Relative to the lack of stacks is the novel configuration of her island structure. Without the requirement to build around the usual stacks, Enterprise was able to use a square island to accommodate the Hughes SPS-32 and 33 fixed-array radar antenna systems. With this equipment we gain a greater capability in rate of scanning. This helps considerably in the detection and tracking of airborne targets and also increases our range. Additionally, the fixed antenna systems are not subject to the maintenance or reliability difficulties of the rotating radar antennas.
In the vital matter of catapulting aircraft, the reactors, as the source of steam, provide this ship a potential advantage which is not currently realizable. The advantage derives from the ability of a reactor to produce heat much more rapidly than can an oil-fired boiler. All naval reactors possess a design characteristic known as negative temperature coefficient, which means that as heat is drawn off for steam production, the reactor tends to speed up its fission process to produce more heat. This heat generation process takes place in microseconds, much faster than in a conventional boiler. At present, catapult interval is governed by aircraft spotting time, rather than by steam generation or recovery time. When nose wheel spotting becomes operational, steam generation or recovery in the catapult receivers will become governing, and we can then capitalize on our capability to reduce our catapulting interval below that of other carriers.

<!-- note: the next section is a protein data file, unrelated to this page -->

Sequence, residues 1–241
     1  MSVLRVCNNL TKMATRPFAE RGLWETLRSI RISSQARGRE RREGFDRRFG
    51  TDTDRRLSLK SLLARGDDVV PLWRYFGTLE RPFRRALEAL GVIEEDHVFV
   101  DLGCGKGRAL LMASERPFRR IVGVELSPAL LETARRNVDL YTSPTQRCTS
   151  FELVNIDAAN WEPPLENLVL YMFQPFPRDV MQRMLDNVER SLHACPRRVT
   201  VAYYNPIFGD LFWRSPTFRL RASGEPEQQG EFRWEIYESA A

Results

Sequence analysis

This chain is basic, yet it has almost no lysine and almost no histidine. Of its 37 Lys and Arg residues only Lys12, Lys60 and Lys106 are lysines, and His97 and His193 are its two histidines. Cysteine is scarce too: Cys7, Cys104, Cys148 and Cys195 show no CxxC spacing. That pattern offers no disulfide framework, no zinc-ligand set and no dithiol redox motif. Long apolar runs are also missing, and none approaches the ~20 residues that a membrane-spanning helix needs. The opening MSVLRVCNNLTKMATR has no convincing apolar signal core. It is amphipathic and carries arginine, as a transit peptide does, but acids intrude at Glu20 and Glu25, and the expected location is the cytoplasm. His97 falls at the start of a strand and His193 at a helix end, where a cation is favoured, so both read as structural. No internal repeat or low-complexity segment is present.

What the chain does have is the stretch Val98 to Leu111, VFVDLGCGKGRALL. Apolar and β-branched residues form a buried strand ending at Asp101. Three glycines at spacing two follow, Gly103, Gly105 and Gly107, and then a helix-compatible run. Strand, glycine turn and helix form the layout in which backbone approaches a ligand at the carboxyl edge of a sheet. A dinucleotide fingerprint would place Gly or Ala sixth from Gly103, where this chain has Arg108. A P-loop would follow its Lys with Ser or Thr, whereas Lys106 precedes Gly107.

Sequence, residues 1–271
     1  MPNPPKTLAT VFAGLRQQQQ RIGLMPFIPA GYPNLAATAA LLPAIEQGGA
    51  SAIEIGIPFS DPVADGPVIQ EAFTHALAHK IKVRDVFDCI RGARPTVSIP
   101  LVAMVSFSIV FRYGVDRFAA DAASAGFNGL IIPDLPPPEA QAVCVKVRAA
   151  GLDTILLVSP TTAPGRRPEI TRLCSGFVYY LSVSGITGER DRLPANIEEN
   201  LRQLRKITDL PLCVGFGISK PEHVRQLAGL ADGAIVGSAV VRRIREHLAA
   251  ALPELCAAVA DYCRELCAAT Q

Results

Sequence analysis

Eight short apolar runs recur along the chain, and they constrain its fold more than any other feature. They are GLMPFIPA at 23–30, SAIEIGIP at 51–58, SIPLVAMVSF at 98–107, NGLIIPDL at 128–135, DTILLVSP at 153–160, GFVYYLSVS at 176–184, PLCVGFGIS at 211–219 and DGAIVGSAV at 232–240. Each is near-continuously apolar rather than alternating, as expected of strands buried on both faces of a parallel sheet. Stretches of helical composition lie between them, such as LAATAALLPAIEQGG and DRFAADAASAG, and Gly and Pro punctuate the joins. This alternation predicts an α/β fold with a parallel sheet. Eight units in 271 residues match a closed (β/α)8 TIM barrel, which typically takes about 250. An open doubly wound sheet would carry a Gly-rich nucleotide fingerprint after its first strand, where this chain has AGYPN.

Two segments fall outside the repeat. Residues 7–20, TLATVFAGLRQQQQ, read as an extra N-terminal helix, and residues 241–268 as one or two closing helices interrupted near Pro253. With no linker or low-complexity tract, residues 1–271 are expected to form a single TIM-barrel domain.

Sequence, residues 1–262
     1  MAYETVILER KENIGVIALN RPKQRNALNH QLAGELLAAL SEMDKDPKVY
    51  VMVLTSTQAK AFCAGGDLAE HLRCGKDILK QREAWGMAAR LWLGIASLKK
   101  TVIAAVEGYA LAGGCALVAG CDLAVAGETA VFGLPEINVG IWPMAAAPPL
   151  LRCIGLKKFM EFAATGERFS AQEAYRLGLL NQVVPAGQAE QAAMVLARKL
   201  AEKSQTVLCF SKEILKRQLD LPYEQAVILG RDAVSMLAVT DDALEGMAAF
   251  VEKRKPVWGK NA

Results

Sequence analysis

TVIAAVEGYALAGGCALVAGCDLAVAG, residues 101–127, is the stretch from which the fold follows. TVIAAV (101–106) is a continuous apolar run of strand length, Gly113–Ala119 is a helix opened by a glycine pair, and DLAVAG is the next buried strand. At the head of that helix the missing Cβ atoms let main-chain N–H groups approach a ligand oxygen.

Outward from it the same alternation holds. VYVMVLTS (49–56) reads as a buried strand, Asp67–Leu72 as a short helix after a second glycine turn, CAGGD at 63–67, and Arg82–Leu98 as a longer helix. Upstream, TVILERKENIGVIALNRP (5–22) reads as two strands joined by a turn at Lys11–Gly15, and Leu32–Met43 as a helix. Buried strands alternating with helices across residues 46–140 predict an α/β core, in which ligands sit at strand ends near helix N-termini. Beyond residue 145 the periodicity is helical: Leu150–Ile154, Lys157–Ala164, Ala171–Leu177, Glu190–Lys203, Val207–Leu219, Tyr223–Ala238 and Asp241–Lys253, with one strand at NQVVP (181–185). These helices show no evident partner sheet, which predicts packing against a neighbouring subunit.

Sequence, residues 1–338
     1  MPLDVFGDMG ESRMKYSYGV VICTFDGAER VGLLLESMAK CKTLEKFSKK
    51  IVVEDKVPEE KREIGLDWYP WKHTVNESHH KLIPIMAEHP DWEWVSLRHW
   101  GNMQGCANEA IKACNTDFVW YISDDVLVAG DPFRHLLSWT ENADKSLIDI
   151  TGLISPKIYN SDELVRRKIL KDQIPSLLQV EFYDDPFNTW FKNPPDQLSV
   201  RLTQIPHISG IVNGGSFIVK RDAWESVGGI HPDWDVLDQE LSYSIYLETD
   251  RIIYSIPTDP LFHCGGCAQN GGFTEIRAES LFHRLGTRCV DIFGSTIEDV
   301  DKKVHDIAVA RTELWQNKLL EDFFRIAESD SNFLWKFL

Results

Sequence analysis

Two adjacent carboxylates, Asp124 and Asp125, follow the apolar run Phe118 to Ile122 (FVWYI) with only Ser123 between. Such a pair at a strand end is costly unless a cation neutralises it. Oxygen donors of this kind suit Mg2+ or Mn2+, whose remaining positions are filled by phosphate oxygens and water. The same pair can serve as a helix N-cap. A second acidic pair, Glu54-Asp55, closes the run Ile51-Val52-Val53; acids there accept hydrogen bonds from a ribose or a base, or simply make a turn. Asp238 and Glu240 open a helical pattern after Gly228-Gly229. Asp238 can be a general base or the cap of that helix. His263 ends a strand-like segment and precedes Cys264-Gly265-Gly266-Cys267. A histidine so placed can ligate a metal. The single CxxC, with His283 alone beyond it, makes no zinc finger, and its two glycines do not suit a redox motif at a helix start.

The training of personnel for Enterprise was intensive, and training continues at a fast pace to insure retention of knowledge, as well as to expand our skills in operating our many complex systems. The naval nuclear propulsion training program places stress on operator knowledge and operator vigilance. In knowing their systems completely, our operators are able to recognize and avoid dangerous situations by proper handling of the controls available to them. This increases the safety and reliability of the equipment, to say nothing of the beneficial effect on the peace of mind of all aboard.
The commanding officer, executive officer, and all officers and men who operate the reactors are not only given practical training at the prototypes, but prior to that they are given an extensive course of theoretical study in reactor physics and other technical subjects which will support their future training.
I consider myself indeed fortunate to have had the one year of training in naval reactors under Admiral Rickover. All commanding officers and executive officers of nuclear ships need this intimate knowledge of the plant including reactor safeguards, plant control, water chemistry, and radiological controls. These things are necessary to proper command functions in a nuclear ship, not only while operating in home port but also in any other U. S. or foreign ports. Had I not been provided this training when I was, I fear I should never have had the time nor opportunity after reporting to the ship to have gained a fraction of the knowledge I had at the time I reported for duty.
Enterprise is opening a new era in naval history. The mission she is to serve was eloquently expressed by Admiral Arleigh A. Burke at her christening when he said, “This new Enterprise is a mighty symbol of our determination to preserve liberty and justice and a clear indication of our ability to do so.”